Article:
In an effort to simplify and streamline their businesses, many companies choose to hire independent contractors to perform certain duties. When compared to regular employees, independent contractors offer companies many benefits, including lower labor costs, reduced legal liability and greater flexibility in hiring and firing.
However, companies must be careful in how they hire and manage their independent contractors. For instance, if a court determines a company misclassifies a worker as an independent contractor when he or she is actually a regular employee, the employer may face several penalties, including having to reimburse the worker for unpaid wages and overtime.
The impact of Slayman v. FedEx
Distinguishing between an independent contractor and a regular employee, however, is not as easy as it sounds. Even if an independent contractor agreement exists, a court may nevertheless determine an individual is an employee for legal purposes. Indeed, this is exactly what happened in the Ninth Circuit Court of Appeals case titled Slayman v. FedEx Ground Package System.
In Slayman v. FedEx, the court was charged with the task of examining whether, under Oregon law, 363 full-time delivery drivers who worked for FedEx from 1999 through 2009 were independent contractors or not. Specifically, the drivers in this case claimed that FedEx incorrectly classified them as independent contractors under the company's Operating Agreement, and as a result, the drivers not only had illegal deductions taken out of their paychecks but were also wrongfully deprived of overtime pay.
The court ultimately determined that these drivers were not independent contractors based on Oregon's "right-to-control" test. The court focused its analysis on the fact that FedEx's Operating Agreement allowed the company to control:
- The appearance of it drivers, including their clothing, hats, shoes, socks, hair and hygiene
- The appearance and condition of the drivers' delivery vehicles, including color, cleanliness, logo and shelving dimensions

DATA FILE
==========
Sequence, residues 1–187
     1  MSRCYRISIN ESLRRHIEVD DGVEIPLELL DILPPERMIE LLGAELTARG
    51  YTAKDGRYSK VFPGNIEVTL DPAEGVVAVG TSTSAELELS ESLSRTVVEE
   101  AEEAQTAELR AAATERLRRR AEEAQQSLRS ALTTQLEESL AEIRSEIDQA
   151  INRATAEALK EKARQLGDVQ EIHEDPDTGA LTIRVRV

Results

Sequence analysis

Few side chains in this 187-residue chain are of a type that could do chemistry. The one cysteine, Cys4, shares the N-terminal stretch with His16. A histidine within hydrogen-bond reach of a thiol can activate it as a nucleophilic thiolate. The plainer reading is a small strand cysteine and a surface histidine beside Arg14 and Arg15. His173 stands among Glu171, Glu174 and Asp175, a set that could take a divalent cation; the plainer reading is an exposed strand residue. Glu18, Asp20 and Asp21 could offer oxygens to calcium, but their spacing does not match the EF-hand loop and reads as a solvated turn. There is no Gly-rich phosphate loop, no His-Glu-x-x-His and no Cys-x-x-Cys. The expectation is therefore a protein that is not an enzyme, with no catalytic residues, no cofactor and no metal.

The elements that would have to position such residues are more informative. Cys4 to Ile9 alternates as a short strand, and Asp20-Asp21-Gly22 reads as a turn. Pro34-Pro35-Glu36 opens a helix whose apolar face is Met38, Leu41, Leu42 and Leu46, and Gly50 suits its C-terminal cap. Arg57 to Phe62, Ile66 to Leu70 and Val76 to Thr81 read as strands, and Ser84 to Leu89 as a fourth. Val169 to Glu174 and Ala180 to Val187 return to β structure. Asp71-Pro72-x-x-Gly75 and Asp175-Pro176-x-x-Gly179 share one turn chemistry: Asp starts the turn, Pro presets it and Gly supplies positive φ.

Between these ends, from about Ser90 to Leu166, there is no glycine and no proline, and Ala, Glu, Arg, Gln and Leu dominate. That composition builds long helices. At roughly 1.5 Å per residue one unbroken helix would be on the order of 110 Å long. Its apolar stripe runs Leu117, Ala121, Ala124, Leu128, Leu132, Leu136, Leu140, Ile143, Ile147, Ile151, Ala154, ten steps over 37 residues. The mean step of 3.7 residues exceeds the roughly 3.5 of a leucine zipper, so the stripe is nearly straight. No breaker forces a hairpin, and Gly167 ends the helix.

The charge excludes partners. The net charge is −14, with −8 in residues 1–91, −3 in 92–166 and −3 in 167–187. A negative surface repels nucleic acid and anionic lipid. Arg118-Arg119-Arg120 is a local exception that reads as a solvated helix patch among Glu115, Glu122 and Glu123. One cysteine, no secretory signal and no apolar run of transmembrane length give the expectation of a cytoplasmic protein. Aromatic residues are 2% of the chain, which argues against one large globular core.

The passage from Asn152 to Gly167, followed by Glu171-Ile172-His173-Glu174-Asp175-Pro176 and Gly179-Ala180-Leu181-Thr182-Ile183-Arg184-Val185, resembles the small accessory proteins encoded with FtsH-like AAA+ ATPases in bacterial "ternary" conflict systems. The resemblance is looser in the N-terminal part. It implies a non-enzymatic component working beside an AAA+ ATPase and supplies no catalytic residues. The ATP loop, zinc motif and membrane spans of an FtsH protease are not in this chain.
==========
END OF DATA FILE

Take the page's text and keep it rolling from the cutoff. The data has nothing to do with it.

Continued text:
- The times the drivers could work, which was done by structuring drivers' workloads so that they had to work 9.5 to 11 hours every workday
- The aspects of how and when the drivers could deliver their packages, including delivery time windows for certain customers and the assignment of specific delivery areas to particular drivers
While the court noted that some evidence existed favoring FedEx's viewpoint that its drivers were independent contractors, the court determined it was not sufficient to overcome the evidence listed above.
Legal guidance is available
If anything, this opinion illustrates that companies should be properly prepared for legal challenges when they classify their workers as independent contractors. While this may prove difficult, it is not impossible, especially if they execute well-drafted independent contractor agreements from the start. As FedEx discovered, having an agreement in place is simply not enough - it must be sufficient to withstand legal scrutiny.
Regardless of whether you are already involved in an employment dispute or need help drafting an independent contractor agreement, it is crucial to consult with an experienced attorney. A lawyer can help explain your rights and guide you through your various legal options. The failure to adequately address these issues as soon as possible can lead to drawn-out court battles.